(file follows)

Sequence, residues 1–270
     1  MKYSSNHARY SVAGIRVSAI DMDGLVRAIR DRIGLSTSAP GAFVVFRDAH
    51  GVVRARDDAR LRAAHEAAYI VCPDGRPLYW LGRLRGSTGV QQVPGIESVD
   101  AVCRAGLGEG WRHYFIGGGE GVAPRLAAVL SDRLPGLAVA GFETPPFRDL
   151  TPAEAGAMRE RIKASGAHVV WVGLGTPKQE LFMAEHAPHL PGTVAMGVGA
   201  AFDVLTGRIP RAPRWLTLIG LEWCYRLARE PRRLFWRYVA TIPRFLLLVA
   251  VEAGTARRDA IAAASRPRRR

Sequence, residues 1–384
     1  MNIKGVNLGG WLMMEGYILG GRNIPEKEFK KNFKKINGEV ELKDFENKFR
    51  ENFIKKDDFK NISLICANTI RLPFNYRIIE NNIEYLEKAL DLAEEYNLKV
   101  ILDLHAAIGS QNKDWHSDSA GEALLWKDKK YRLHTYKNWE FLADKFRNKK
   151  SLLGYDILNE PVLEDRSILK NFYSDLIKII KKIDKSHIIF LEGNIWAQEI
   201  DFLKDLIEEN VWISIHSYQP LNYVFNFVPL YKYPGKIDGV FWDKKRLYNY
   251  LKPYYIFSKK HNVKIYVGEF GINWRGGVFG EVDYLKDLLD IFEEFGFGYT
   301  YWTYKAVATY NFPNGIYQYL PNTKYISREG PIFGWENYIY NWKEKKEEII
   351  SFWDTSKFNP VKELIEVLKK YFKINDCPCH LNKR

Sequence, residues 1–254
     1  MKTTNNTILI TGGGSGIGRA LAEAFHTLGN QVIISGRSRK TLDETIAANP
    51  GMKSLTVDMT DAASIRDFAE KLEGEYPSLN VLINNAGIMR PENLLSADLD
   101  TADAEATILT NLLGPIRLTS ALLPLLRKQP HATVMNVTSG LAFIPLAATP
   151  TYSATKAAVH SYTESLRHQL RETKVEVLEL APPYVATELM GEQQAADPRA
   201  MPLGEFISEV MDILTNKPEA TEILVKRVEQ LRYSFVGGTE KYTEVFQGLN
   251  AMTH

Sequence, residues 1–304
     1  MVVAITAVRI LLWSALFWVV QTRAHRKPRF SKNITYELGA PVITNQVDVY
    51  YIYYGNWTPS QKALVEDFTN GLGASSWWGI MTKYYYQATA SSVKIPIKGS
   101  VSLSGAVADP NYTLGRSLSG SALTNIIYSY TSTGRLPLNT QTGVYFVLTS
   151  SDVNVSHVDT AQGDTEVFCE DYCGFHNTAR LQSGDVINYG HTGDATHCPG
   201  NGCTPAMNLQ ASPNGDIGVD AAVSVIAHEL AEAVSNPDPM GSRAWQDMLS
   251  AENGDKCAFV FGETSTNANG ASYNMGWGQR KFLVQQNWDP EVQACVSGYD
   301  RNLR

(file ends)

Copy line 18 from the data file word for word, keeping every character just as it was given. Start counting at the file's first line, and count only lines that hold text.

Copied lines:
     1  MKTTNNTILI TGGGSGIGRA LAEAFHTLGN QVIISGRSRK TLDETIAANP